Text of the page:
Do not let a shady spot in your garden deter you from enjoying the beauty and elegance that a tree can bring to your landscape. Learning how to choose a shade-tolerant small tree for your garden enables you to introduce a perpetual green spot even in winter; alternatively, you might opt for a seasonally changing attractive addition to your yard's appeal. Simply because a tree tolerates shade does not mean that you have to lose out on the beauty of bright, colorful blooms.
Test your soil's pH level with a test kit. You can find these at nurseries and home-improvement stores. On a scale from 0 to14, your soil is acidic if its pH falls below 7.0, neutral if it measures exactly 7.0 and alkaline if the pH is higher. Starting your decision-making process by determining the soil's acidity helps you choose a tree most likely to thrive in the shady spot you have available. Some trees also thrive in acidic as well alkaline soils; a great example is the weeping Japanese hackberry (Celtis sinensis) that thrives in a wide array of soils.
Define "small" as it relates to your garden. For example, a Japanese Angelica tree (Aralia elata) grows to a height of about 20 feet or taller, while the holly tea olive (Osmanthus heterophyllus) only reaches a height of 8 to 10 feet. Survey the area above the spot you picked out for the tree, and consider the presence of power lines or other obstructions that could be harmed by a growing tree.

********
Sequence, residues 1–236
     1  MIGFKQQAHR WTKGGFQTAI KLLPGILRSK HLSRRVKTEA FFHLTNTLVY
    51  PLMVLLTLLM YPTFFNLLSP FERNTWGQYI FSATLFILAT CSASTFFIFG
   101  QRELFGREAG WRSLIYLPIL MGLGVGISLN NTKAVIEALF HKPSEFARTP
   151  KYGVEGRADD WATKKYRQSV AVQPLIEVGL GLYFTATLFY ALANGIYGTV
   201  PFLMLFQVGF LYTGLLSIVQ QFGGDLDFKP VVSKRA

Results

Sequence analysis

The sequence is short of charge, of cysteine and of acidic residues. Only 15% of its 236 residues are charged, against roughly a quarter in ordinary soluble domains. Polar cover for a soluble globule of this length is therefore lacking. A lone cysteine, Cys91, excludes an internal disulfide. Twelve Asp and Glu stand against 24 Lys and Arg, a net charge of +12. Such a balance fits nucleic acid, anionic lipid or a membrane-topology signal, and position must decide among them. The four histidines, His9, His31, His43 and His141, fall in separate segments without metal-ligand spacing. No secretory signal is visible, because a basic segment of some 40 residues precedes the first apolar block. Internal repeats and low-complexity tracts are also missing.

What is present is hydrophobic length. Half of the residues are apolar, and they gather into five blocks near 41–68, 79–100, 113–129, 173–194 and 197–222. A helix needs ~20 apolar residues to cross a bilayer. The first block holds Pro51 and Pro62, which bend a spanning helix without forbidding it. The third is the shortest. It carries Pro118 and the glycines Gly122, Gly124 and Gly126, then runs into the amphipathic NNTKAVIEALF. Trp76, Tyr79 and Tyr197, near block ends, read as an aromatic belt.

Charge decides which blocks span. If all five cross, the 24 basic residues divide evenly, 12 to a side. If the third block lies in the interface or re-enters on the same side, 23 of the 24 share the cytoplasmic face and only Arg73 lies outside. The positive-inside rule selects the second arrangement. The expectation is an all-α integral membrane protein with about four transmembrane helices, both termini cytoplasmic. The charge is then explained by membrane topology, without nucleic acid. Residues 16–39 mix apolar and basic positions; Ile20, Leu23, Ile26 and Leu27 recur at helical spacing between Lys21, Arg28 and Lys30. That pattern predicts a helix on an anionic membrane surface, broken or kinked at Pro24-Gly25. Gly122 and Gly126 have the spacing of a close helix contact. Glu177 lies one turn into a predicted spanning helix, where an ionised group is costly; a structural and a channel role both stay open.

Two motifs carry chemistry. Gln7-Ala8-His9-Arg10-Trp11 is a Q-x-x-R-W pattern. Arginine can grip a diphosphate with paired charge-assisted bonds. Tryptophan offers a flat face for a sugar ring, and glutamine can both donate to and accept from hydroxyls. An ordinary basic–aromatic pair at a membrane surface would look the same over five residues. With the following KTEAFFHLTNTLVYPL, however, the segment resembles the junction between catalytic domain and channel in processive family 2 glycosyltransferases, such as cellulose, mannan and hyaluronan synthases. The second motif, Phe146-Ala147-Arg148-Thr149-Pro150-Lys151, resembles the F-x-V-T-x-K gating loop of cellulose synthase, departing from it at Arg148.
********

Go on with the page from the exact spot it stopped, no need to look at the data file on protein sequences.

Determine your hardiness zone. The lower the assigned hardiness zone, the more extreme cold the small tree can withstand. For example, Fairbanks, Alaska, falls into Zone 1, while Tomahawk, Wisconsin, is Zone 3b. Des Moines, Iowa, falls into Zone 5a, whereas Houston, Texas, is situated in Zone 9a. Narrowing down the hardiness that pertains to your city ensures that the tree will survive the winter and can also endure potentially high summer temperatures. For example, the weeping Japanese hackberry thrives in zones 4a through 9b, making it an all-around easy-to-grow small tree.
Decide on evergreen or deciduous. An evergreen tree will provide a green spot in your garden when other trees have lost their leaves. A good example is the elegant wheel tree (Trochodendron aralioides) that grows to an average height of up to 20 feet and carries shiny, evergreen foliage. On the flip side, choosing a deciduous tree offers the appeal of seasonal growth, blooms and possibly fruit production. A great example is the aforementioned Japanese Angelica tree that features white blooms, which attract bees, humming birds and also butterflies.